BEIJING — A strong earthquake in southern China’s Yunnan province toppled thousands of homes on Sunday, killing at least 367 people and injuring more than 1,800.

About 12,000 homes collapsed in Ludian, a densely populated county located around 277 miles northeast of Yunnan’s capital, Kunming, China’s official Xinhua News Agency reported.

The magnitude-6.1 quake struck at 4:30 p.m. at a depth of 6 miles, according to the U.S. Geological Survey.

Ma Liya, a resident of Zhaotong, told Xinhua that the streets there were like a “battlefield after bombardment.” She added that her neighbor’s house, a new two-story building, had toppled, and said the quake was far worse than one that struck the area in 2012 and killed 81 people.

Xinhua said at least 367 people were killed in the quake, with 1,881 injured.

News reports said rescuers were still trying to reach victims in more remote towns Sunday night.

Photos on Weibo, China’s Twitter-like social media site, showed rescuers searching through flattened buildings and people injured amid toppled bricks.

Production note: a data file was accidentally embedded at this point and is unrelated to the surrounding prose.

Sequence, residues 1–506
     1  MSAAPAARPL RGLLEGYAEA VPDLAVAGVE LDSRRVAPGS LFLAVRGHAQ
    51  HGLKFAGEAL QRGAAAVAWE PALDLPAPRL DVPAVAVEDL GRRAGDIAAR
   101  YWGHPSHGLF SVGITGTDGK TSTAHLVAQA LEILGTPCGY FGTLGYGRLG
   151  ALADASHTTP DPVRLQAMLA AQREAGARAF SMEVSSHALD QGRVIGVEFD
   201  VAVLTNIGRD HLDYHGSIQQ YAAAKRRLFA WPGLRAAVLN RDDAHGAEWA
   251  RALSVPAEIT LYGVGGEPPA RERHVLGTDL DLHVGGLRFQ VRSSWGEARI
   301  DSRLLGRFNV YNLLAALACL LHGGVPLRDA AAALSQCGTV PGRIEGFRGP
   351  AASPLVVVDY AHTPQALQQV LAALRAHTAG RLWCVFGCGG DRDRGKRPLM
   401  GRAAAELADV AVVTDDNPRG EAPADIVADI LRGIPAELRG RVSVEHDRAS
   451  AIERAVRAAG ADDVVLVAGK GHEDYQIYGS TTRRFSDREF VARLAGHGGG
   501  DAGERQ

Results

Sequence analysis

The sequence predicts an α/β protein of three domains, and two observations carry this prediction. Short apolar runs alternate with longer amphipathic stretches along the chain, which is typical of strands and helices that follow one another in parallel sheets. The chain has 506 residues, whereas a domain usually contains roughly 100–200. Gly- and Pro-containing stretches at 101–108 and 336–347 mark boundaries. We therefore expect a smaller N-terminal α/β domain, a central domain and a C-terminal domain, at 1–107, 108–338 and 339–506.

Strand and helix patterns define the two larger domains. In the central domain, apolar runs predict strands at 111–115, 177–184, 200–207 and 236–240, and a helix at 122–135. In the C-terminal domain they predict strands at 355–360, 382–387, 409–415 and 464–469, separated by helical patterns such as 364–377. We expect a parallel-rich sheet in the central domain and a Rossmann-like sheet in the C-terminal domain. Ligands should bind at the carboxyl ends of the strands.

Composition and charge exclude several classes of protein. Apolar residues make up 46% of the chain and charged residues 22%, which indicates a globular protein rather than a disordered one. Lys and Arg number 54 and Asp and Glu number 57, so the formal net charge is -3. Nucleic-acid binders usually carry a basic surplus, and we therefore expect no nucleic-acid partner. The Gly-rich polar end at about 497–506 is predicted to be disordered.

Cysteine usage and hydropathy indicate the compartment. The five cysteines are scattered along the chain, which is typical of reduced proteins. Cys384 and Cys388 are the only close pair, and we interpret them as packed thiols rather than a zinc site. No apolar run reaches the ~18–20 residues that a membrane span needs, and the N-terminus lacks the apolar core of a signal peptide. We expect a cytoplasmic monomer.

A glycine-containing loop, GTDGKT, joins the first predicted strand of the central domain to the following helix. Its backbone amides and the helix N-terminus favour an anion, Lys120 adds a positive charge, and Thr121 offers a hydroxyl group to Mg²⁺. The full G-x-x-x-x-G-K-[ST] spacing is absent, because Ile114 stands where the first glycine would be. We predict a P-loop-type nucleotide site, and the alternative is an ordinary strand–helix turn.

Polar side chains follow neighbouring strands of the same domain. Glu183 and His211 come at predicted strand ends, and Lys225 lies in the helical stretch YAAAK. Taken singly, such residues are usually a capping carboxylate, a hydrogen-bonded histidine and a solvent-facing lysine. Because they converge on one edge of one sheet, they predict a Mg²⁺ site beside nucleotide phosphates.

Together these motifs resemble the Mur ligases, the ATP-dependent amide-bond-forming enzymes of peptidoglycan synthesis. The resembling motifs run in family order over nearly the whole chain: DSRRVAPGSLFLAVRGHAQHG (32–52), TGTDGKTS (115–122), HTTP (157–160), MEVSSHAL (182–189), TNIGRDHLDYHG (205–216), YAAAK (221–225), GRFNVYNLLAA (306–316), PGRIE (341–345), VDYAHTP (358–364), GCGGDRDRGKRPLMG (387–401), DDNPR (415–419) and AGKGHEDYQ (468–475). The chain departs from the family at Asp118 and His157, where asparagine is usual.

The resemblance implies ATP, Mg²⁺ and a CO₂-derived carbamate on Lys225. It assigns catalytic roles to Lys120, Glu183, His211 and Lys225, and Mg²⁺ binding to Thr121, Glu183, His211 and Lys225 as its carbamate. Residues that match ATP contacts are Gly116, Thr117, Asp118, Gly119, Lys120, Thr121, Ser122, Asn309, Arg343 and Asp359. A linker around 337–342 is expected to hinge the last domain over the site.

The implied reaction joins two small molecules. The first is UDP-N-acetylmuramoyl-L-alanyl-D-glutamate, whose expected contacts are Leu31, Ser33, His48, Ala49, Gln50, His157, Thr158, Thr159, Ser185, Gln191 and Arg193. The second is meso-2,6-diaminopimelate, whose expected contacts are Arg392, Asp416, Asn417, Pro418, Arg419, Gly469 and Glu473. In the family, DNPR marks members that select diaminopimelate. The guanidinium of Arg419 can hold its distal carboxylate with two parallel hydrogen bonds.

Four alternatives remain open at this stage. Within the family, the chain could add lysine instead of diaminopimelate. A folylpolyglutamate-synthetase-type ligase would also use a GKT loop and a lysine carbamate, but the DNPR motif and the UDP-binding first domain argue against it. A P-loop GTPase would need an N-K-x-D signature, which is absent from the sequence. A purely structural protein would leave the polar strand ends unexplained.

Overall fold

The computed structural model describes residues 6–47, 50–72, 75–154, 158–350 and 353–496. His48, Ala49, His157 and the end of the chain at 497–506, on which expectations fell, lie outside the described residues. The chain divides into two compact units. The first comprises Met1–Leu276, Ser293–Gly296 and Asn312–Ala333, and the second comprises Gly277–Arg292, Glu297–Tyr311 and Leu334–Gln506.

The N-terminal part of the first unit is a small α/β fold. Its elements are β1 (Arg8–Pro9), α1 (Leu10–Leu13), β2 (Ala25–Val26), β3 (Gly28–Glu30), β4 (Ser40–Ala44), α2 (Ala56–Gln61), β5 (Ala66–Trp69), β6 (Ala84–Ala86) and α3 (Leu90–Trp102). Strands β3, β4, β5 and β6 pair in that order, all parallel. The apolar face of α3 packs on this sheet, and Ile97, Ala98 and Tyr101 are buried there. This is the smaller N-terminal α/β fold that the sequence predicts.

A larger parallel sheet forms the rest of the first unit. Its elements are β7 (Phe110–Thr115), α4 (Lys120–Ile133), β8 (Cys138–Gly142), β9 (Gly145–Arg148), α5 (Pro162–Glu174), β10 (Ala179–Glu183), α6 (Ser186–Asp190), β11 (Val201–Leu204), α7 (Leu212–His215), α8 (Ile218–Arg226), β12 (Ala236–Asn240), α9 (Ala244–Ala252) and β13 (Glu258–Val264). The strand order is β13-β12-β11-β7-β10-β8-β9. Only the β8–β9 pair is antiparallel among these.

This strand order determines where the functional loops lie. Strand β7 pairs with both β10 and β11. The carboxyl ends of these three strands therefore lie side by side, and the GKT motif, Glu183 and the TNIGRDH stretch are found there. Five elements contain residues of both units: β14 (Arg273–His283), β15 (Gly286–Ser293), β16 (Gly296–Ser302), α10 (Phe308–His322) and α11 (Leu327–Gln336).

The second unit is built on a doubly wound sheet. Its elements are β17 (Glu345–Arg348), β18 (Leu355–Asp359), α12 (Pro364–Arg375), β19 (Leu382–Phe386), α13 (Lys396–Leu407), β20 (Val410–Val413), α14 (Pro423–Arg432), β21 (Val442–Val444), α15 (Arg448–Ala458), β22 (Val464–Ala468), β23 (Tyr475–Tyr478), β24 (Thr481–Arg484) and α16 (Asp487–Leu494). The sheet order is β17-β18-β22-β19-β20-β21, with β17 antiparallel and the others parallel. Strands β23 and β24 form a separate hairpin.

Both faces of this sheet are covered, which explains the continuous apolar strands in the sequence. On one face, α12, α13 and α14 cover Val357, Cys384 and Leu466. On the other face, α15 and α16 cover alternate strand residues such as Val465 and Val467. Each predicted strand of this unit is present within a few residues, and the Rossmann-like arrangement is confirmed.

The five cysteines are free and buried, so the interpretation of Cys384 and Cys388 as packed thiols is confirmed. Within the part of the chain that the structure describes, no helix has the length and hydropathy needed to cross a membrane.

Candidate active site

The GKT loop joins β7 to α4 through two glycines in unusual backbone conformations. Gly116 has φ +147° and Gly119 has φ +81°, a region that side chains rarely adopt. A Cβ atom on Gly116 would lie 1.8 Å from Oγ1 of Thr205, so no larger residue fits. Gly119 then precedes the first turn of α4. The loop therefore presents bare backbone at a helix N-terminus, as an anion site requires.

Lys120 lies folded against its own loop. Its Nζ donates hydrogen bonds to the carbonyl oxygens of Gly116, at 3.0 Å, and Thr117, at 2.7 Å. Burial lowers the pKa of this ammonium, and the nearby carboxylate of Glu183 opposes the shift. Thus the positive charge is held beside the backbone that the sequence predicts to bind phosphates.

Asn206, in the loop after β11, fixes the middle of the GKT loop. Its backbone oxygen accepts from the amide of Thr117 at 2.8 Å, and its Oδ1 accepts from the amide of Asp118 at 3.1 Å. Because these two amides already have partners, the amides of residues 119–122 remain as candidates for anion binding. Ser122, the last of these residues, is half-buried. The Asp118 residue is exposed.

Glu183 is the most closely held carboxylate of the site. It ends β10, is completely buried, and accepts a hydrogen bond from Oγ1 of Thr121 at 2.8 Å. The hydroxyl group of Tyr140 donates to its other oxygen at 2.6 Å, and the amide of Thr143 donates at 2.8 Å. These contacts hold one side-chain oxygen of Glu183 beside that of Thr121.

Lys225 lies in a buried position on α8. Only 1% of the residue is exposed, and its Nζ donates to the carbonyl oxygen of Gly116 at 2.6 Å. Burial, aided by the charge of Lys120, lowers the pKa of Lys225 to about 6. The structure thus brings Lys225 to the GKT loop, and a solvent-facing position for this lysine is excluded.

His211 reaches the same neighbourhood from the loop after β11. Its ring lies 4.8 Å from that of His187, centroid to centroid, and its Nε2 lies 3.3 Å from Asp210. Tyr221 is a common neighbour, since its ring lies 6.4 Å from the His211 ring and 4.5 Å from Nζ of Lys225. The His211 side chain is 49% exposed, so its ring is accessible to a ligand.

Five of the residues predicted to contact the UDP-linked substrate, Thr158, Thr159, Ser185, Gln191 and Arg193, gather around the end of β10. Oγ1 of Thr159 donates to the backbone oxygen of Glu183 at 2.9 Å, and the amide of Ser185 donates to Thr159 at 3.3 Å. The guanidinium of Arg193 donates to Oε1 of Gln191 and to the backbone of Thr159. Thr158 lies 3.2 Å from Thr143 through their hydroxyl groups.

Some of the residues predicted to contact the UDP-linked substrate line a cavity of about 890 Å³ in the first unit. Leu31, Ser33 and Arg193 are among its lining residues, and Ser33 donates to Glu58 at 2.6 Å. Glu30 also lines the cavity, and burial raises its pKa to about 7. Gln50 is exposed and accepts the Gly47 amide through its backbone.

Many of the homes that collapsed in Ludian, which has a population of about 429,000, were old and made of brick.

The mountainous region where the quake occurred – largely agricultural, with farming and mining the top industries – is prone to earthquakes.

Relief efforts are ongoing, with more than 2,500 troops dispatched to the disaster region.

Chinese state broadcaster CCTV said the quake was the strongest to hit Yunnan in 14 years.

In 1970, a magnitude-7.7 earthquake in Yunnan killed at least 15,000 people, and a magnitude-7.1 quake in the province killed more than 1,400 in 1974.

In September 2012, 81 people died and 821 were injured in a series of quakes in the Yunnan region.